- 4 cases in Hunterdon County
- 1 case in Monmouth
- 1 case in Sussex
- 1 case in Somerset
All restaurants and retailers have been asked by the CDC to ask their food suppliers about the source of their romaine lettuce, and to stop selling or servicing any that was grown in Yuma, Arizona.
“Individuals with this infection usually get better within about 5 to 7 days, however some illnesses can be serious or even life-threatening,” said New Jersey Health Commissioner Dr. Shereef Elnahal. “Anyone experiencing symptoms of this illness should see a healthcare provider.”
General Mills Flour Recall Expanded After More E. Coli Reports
January 25, 2016 – General Mills is expanding its massive flour recall again after 4 more E. coli illnesses linked to the products have been confirmed.
General Mills announced the original recall on May 31 after its flour was linked to an outbreak of E. coli. The action initially included certain sizes of Gold Medal, Wondra and Signature Kitchens brand flour that were produced from November 4, 2015 to December 4, 2015. The company announced Monday that it is extending affected production dates included in the recall through February 10, 2016.
This move comes after General Mills confirmed 4 new food poisoning cases associated with the recall. The illnesses were reported by customers who ate or improperly handled raw dough or batter made with the affected flour.
“At this time, it is unknown if we are experiencing a higher prevalence of E. coli in flour than normal, if this is an issue isolated to General Mills’ flour, or if this is an issue across the flour industry,” General Mills said in the press release.
The company noted that flour is made from wheat grown outdoors where it can be exposed to bacteria. The cooking process can help kill bacteria, so consumers should never eat anything with raw flour in it.
This is the second time General Mills is expanding the recall since the original action on May 31. Earlier this month, the company recalled 3 flavors of Betty Crocker cake mix that were made with Wondra flour that was included in the original recall.
Ground Beef Recall Linked to Multi-State E. Coli Outbreak
May 22, 2014 – At least 11 people in 4 states were diagnosed with severe E. coli infections linked to ground beef produced by a packing company in Detroit, according to a press release from the CDC. Within days of the initial recall being announced, the action expanded to distributors and restaurants across the U.S.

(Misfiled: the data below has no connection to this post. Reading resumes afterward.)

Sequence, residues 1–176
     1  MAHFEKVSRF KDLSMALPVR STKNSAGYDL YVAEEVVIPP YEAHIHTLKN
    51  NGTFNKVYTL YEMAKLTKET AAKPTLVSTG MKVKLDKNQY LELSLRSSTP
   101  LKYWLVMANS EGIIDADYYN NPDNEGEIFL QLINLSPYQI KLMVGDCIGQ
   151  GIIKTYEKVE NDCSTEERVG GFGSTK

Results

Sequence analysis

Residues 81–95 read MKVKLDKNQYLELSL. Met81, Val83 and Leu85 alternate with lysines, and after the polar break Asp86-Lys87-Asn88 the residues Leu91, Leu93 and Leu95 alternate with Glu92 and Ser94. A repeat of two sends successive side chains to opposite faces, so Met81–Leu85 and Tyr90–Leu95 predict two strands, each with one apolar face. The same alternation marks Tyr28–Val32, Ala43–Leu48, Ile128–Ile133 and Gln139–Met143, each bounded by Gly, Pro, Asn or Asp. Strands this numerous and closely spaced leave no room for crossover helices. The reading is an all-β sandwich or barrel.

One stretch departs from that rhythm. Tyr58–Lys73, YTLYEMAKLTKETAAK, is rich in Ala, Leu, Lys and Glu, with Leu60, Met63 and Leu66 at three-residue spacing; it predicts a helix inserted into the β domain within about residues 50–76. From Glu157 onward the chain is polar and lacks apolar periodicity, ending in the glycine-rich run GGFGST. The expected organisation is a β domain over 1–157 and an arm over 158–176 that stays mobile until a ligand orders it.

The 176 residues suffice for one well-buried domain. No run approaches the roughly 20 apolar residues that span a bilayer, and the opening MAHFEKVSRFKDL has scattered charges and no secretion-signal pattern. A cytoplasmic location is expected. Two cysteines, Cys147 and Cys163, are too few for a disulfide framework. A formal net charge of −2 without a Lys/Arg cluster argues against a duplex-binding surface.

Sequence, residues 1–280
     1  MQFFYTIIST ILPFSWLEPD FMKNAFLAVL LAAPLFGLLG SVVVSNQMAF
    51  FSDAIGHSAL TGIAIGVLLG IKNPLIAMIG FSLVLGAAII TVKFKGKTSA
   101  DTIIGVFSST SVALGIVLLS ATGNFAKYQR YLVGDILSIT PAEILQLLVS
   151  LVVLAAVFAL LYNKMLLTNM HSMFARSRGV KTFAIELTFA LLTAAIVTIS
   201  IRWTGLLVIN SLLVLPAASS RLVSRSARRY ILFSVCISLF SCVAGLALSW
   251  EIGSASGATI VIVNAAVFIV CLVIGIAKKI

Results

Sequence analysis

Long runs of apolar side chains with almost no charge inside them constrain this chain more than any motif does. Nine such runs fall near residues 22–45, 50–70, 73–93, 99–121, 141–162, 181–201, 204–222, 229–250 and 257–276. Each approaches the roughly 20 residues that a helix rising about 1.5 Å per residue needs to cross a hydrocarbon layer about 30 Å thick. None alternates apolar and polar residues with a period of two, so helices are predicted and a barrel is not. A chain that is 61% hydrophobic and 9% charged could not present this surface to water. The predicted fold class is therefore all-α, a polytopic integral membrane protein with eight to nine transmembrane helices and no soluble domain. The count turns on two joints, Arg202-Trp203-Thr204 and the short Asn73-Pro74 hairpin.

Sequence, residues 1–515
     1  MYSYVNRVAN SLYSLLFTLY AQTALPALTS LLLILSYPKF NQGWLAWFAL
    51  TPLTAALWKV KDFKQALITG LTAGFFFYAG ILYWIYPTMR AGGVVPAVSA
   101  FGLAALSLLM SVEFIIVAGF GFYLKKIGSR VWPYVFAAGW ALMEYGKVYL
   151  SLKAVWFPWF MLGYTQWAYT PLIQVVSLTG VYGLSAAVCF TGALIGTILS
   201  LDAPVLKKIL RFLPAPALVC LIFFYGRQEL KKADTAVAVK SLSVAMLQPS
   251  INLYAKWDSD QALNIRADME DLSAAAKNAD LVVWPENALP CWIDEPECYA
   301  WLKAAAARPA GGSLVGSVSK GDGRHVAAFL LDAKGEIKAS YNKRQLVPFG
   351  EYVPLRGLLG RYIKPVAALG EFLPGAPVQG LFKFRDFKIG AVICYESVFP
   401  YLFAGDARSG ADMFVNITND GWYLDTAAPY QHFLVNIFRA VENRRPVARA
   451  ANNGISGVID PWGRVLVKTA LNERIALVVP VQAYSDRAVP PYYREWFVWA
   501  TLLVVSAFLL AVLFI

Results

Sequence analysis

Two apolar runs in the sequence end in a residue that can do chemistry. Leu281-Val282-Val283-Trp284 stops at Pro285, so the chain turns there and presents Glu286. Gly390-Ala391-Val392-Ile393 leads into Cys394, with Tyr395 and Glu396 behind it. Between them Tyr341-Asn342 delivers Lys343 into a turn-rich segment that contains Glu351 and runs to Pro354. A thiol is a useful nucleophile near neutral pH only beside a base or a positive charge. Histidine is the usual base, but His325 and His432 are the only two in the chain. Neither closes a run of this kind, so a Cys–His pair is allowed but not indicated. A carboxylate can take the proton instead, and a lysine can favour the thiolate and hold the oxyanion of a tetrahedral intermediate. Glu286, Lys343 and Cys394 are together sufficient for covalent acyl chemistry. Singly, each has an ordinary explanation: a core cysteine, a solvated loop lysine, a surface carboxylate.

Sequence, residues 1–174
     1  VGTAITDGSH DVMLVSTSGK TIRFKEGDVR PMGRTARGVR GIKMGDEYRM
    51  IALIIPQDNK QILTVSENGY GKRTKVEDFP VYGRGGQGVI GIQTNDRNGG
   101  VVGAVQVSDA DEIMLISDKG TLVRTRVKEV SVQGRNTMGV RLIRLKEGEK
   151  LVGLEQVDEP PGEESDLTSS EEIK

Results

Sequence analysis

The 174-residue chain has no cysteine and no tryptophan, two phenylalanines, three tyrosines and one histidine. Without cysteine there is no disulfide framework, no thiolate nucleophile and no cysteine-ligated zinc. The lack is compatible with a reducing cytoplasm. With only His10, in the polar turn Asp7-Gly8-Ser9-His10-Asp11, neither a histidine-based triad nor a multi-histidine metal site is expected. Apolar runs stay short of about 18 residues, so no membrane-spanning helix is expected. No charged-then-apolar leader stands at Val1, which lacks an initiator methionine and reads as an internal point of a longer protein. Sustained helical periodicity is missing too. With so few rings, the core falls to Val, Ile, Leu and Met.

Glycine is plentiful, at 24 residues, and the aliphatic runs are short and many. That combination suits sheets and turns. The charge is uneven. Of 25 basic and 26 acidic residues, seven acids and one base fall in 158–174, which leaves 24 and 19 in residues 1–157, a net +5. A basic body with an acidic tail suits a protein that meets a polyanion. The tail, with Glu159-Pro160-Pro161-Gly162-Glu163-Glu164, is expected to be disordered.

The Detroit-based Wolverine Packing Company issued the recall for nearly 2 million pounds of ground beef after the FSIS determined the product may have been tainted with E. coli bacteria. Affected products were processed between March 31st and April 18th, 2014, and shipped to distributors in Massachusetts, Michigan, Missouri, and Ohio to be used in restaurants.
The ground beef in question featured the establishment number “EST. 2574B” and a production date code reading “Packing Nos: MM DD 14” between “03 31 14” and “04 18 14.”
USDA Institutes ‘Zero-Tolerance Policy’ for New E. Coli Strains
June 2012 – The U.S. Department of Agriculture’s Food Safety and Inspection Service (FSIS) will being implementing new safety standards for six additional strains of E. coli bacteria that have been known to cause illnesses in humans. Under the new policy, FSIS will test raw beef manufacturing trim, which is what ground beef is mainly composed of, for the serotypes. Trim found to be contaminated will not be allowed into commerce and will be subject to recall.
Food poisoning illnesses caused by E. coli 0157:H7, which is generally thought to be the most widespread variety of the bacteria, are actually greatly outnumbered by other lesser-known serotypes. “These strains of E. coli are an emerging threat to human health and the steps we are taking today are entirely focused on preventing Americans from suffering foodborne illnesses,” said Agriculture Secretary Tom Vilsack. “We cannot ignore the evidence that these pathogens are a threat in our nation’s food supply.” The strains that will be tested for under the new policy are:
- Shiga-toxin producing E. coli (STEC) serogroups O26, O45, O103, O111, O121 and O145
Like E. coli 0157:H7, these serotypes have the potential to cause serious, potentially life-threatening illnesses. Children, the elderly, and individuals with compromised immune systems are at greatest risk. In addition to these policy changes, FSIS has recently implemented a number of other significant public health measures designed to safeguard the food supply, prevent foodborne illness, and improve consumers’ knowledge about the foods they eat. These initiatives are intended to support the three core principles of President Barack Obama’s Food Safety Working Group:
- prioritizing prevention;
- strengthening surveillance and enforcement;
- improving response and recovery.
Some of the group’s recent actions include: